My research interests are diverse and interdisciplinary in nature and I have an active research program. Throughout my research I synthesize of field and remote sensing observations with a range of geochemical data. I place a strong emphasis on fieldwork and this forms the basis for much of my research. Indeed, I approach planetary geology with the fundamental view that interpretations of other planetary bodies must begin by using the Earth as a reference.
- Planetary materials
- Impact centering
- Economic geology
- Precambrian geology
- Instrument development
- Autonomous science
The overarching focus for my research is on understanding the origin and evolution of the terrestrial (or rocky) planets of the inner Solar System and the Earth’s moon, through the study of planetary surface processes and planetary materials (e.g., meteorites and Apollo samples). A major thrust of my research on planetary surface processes is on impact cratering, in other words the study of meteorite impact structures and the processes, products, and effects of their formation. I am also actively working on various topics of glacial and periglacial geomorphology, involving fieldwork in the Canadian Arctic and comparative studies looking at the northern plains of Mars where such processes have been proposed to have taken place.
My research on impact craters extends to investigating the role of impact cratering in the origin of life on Earth and the potential for life on Mars, bringing my research into the field of astrobiology. This interest in meteorite impact craters also involves research on economic geology, focused on the Sudbury impact structure, Ontario, a ~250 km diameter impact crater and the site of North America’s largest mining camp.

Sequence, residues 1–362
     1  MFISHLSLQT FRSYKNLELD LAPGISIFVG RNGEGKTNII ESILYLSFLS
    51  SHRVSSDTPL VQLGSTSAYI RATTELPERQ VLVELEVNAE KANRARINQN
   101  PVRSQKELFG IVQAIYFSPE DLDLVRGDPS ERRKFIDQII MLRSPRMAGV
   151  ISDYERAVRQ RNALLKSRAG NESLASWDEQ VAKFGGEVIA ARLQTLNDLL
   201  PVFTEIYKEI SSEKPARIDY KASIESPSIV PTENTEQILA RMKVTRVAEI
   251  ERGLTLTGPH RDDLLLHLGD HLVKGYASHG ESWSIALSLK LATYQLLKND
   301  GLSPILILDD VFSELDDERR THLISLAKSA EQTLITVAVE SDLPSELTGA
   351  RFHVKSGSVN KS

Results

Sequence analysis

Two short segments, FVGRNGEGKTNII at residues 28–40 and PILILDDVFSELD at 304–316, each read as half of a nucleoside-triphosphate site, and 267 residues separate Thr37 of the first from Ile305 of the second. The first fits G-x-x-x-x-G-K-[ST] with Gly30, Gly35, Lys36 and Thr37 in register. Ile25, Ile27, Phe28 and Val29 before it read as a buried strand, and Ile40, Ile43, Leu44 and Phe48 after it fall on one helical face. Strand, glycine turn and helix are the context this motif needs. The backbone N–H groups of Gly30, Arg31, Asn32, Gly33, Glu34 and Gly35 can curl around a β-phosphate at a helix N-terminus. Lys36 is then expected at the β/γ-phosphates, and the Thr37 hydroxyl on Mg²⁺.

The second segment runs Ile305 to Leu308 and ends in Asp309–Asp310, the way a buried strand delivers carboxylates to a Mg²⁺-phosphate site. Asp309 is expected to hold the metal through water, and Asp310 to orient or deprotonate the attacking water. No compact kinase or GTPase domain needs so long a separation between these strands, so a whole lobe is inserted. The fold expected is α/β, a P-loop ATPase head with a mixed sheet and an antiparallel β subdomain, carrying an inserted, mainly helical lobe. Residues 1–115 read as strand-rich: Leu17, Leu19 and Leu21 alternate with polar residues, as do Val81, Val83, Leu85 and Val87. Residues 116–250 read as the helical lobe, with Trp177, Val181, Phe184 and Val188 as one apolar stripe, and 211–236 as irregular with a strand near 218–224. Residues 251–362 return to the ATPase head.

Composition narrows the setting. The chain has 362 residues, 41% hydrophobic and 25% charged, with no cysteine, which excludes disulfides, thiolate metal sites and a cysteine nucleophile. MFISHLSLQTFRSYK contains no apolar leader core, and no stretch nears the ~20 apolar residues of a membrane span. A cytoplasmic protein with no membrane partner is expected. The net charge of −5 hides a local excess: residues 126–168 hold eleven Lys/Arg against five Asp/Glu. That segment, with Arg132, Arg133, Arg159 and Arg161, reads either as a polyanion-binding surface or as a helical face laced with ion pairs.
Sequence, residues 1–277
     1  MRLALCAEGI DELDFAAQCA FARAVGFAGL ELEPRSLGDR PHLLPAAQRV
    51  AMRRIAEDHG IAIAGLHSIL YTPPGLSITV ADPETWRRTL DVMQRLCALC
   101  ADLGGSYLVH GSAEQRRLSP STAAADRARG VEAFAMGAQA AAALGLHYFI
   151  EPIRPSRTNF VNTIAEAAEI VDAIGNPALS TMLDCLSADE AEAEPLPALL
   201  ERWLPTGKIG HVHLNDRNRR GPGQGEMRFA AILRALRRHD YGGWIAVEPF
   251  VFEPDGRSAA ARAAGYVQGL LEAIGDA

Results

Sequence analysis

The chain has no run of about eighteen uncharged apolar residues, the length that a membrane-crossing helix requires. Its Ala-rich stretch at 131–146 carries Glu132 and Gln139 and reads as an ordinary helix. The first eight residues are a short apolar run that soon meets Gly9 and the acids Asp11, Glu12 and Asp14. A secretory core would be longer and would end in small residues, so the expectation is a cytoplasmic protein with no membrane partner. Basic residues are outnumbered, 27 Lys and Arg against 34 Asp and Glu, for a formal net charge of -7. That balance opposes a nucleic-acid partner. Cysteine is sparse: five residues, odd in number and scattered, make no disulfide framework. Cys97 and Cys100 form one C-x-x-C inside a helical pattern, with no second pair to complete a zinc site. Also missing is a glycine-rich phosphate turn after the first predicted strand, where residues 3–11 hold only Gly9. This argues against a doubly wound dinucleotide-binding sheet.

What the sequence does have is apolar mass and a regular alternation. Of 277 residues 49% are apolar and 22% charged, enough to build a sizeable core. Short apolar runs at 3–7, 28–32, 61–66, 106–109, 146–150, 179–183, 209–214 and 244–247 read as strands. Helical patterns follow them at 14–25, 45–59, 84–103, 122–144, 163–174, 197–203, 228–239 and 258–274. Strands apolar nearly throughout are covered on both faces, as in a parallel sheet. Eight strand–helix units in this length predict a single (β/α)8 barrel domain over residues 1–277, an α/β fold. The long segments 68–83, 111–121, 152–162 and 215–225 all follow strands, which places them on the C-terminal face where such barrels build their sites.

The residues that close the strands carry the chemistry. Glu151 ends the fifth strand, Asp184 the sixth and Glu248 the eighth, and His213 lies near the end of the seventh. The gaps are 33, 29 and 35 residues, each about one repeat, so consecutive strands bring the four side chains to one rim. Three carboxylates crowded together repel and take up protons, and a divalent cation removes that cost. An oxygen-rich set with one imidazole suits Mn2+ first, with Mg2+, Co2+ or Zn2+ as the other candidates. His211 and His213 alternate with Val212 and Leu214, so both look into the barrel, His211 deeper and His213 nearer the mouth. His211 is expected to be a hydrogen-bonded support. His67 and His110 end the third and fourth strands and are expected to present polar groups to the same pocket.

A further area of research is on the Precambrian geology of the Canadian Arctic and Northwest Scotland. This represents some of the most recent and earliest research that I have been involved in – my first ever journal publication in 2001 was on the results of my undergraduate honours thesis, where I mapped an area of South Uist in the Outer Hebrides of Scotland.
In addition to these scientific research objectives, I am also active in developing technologies and techniques for exploration, whether that be remote or extreme locations on Earth (e.g., High Arctic, deep underground mines) or human and robotic surface operations on the Moon and Mars. In essence, this part of my research addresses fundamental questions about how we explore and the techniques and technologies required to enable this exploration – both on Earth and other planetary bodies. The two major areas of research are on instrument development and autonomous science.
My research on meteorite impact craters has resulted in a strong interest in the origin and evolution of life on Earth and the possibility of finding life on Mars. This may sound surprising and indeed, the destructive geological, environmental, and biological effects of meteorite impact events are well known. This is largely due to the discovery of the ~200 km diameter Chicxulub impact structure, Mexico, and its link to the mass extinction event that marks the end of the Cretaceous Period 65 Myr. ago.
However, more recently it has also become apparent that, once formed, impact events also have certain beneficial effects, particularly for microbial life. The effects range from generating conditions conducive for the origin of life (e.g., clays) to varied habitats for life that persist long after an impact event, including hydrothermal systems, endolithic habitats in shocked rocks and impact glasses, and impact crater lakes. This may have important implications for our understanding of the origin and evolution of early life on Earth, and possibly other planets such as Mars. This research is summarized in a recent review paper entitled “The role of meteorite impacts in the origin of life“.
In addition to the astrobiology of impact craters, my research in the Canadian Arctic has also resulted in an into cold springs as habitats for life – which has direct relevance to Mars. This work has focused on Axel Heiberg Island in Nunavut, where cold springs flow year round despite flowing through over 500 m of permafrost. Another site is the so-called Golden Deposit in NWT, where a cold spring precipitates the mineral jarosite, which is common on Mars.